Case of the Month: Inguinal Mass
Phoenix D. Bell, MD, Gregory A. Gates, DO, and Aaron R. Huber, DO
A 29-year-old healthy man presented to the outpatient surgery clinic with a left inguinal mass associated with left testicular pain. He denied any other symptoms.
Past Medical History
The patient had no significant past medical history and no previous surgeries.
The patient underwent an excision of the inguinal lesion without complication. He has since been followed with yearly imaging and has had no recurrence of the mass.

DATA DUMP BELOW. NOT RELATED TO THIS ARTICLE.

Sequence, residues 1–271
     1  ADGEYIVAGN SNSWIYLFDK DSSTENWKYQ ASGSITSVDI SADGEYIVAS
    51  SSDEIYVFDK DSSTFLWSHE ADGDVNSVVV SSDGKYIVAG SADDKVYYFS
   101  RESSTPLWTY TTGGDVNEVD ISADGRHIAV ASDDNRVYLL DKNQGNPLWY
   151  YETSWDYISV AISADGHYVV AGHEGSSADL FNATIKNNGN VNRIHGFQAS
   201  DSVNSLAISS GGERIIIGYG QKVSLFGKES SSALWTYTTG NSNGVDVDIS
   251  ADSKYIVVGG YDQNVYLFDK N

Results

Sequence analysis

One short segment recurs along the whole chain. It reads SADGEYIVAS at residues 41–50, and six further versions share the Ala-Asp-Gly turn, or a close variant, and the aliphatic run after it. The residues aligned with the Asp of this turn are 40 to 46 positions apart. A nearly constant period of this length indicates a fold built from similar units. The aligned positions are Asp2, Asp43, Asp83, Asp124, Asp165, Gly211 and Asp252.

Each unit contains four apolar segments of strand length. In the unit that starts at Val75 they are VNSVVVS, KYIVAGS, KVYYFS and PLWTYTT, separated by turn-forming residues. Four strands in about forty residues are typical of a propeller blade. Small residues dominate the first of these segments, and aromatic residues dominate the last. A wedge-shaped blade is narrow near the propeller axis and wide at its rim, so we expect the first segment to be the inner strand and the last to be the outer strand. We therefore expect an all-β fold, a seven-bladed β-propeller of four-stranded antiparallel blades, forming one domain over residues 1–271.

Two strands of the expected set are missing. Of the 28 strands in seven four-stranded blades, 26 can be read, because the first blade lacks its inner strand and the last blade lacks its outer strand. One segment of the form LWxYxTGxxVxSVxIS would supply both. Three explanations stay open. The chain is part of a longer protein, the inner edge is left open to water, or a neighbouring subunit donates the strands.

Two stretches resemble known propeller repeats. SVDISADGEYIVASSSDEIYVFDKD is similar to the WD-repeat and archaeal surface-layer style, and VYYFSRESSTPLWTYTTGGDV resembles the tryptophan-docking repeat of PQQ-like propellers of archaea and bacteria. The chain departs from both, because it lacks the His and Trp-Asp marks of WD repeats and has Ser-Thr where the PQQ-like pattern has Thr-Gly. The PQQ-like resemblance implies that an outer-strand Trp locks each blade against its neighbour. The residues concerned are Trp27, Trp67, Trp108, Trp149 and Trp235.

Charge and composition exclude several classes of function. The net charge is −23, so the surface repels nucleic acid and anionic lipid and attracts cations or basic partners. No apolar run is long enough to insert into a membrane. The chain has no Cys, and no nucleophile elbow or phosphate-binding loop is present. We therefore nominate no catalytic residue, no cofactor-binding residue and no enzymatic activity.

Complete surgical resection of the tumor revealed a well-circumscribed tan-white mass that measured up to 2 cm in greatest dimension. The cut surface was tan-white and firm without evidence of hemorrhage or necrosis. Microscopically, the lesion demonstrated prominent vasculature, pseudovascular spaces, and bland spindle cells in short fascicles with focal mild atypia (Figure 1 and 2). Intralesional fat was present (Figure 3). The lesion showed overall circumscription, with some irregular nodular extensions/prolongations of the lesion into the adjacent soft tissue resulting in the microscopic appearance of satellite lesions. Immunohistochemistry revealed strong CD34 positivity (Figure 4). Estrogen and progesterone receptors were weakly positive and desmin, SMA, and S-100 were negative.